said, that if the right hon. Gentleman had only waited till he finished the point he would not have had any necessity to rise. The right hon. Gentleman received a Deputation from the organized trades of the country, who pointed out their objection to contracting out of the Act, and he left the distinct impression on their minds by his remarks, that their representations should have a fair consideration by Her Majesty's Government. A few days later a Deputation, headed by the hon. Member for the Hexham Division of Northumberland (Mr. Mac Innes), and pretending to re-present the employés of the London and North-Western Railway Company, waited upon the right hon. Gentleman, and to them, without taking time for consideration or conference with his Colleagues, he declared that he would abide by the clause, and that he would use all his influence to carry it into effect. With regard to the constitution of that Deputation, he found it denied in The Railway Review that it was the outcome of any spontaneous action on the part of the men of the London and North-Western Railway Company; but, on the contrary, it was appointed and arranged for by the Directors without the men being in any way consulted in the matter. The delegates of the insurance societies, as was further stated, were summoned by the Company to meet at Euston Station, and were called upon by the Directors to vote in favour of a policy which had been already cut and dried for them. He (Mr. Fenwick) and his Friends opposed, and they should continue to oppose, this principle of assurance or arrangement outside the Act, because they considered it to be injurious to the highest interest of the workmen. They did not ask the Government to give them any monetary consideration. They never sought an Employers' Liability Bill for monetary gain, but to insure the greatest possible amount of immunity from suffering and death to the workman in the pursuit of his calling. The figures he had submitted to the House clearly showed that where they permitted an arrangement outside the provisions of the Act the amount of risk and danger was directly increased, and it was because the tendency of such an arrangement was in that direction that he and his hon. Friends opposed, and should continue to oppose, the Bill so long as they had the faintest chance of ultimately defeating it.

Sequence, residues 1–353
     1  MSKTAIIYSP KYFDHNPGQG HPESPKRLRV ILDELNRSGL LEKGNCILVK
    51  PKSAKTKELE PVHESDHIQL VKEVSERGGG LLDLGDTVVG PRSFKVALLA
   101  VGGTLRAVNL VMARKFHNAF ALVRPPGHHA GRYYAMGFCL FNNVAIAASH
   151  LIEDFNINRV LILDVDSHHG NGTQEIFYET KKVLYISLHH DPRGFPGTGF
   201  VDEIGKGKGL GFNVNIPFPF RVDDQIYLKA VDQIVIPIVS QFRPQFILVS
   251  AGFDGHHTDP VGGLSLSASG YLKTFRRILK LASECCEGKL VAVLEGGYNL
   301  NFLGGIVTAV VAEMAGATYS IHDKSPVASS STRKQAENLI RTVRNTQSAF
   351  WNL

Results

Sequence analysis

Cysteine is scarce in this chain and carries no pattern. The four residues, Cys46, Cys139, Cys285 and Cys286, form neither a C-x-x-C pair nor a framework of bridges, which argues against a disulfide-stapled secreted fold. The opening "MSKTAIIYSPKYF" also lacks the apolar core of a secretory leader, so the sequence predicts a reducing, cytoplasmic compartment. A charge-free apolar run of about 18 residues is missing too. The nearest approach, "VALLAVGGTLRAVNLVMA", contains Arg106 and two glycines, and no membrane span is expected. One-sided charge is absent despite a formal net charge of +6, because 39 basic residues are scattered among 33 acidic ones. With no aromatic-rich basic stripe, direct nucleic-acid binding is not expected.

MR. F. S. POWELL (Wigan)

said, he would not have spoken but for a reference to what had occurred in the Wigan district. In the statement the allegation was that in the disastrous strike of 1881 the employers forced the workpeople to contract themselves out of the Act. Mr. Hewlett, who was the manager of one of the largest collieries in the district and treasurer of the relief fund, gave a report to the Committee in 1886, in which he stated that the question as to making arrangements out of the Act had wholly disappeared from the discussion before the strike terminated. The strike went on some time on the question of wages which was at issue during the continuance of that unfortunate struggle. There was one good result of that struggle—the payment of wages weekly instead of fortnightly, which improved the condition of the arrangements finally made to the advantage of the workpeople. One other remark. Where they had these societies and funds and the heavy loss of life, the reason was that where there was the greatest danger there was the greatest inducement to form these societies of a provident character. As they all knew, in the concerns of life, where there was the least danger, there was the least inducement to take precautions. The Central Permanent Relief Society had 227,000 members, a revenue of £181,000, and an accumulated fund of £252,000. This arrangement was a voluntary and a beneficial arrangement, and it would be a great hardship, injury, and wrong to both employers and employed, with one rude shock, to do away with these associations. He desired a workman to have entire freedom to come and go, and to make any arrangement he pleased, whether under the shelter of the Common Law or under such a Bill as that under discussion. That was a vital principle. In making these remarks he certainly had the support of the working colliers. They wished every collier to have the liberty to take advantage of the Act, or not to take advantage of the Act, according as he thought best for himself and the prosperity of those who depended upon him for their daily bread.

MR. W. PRITCHARD-MORGAN (Merthyr Tydvil)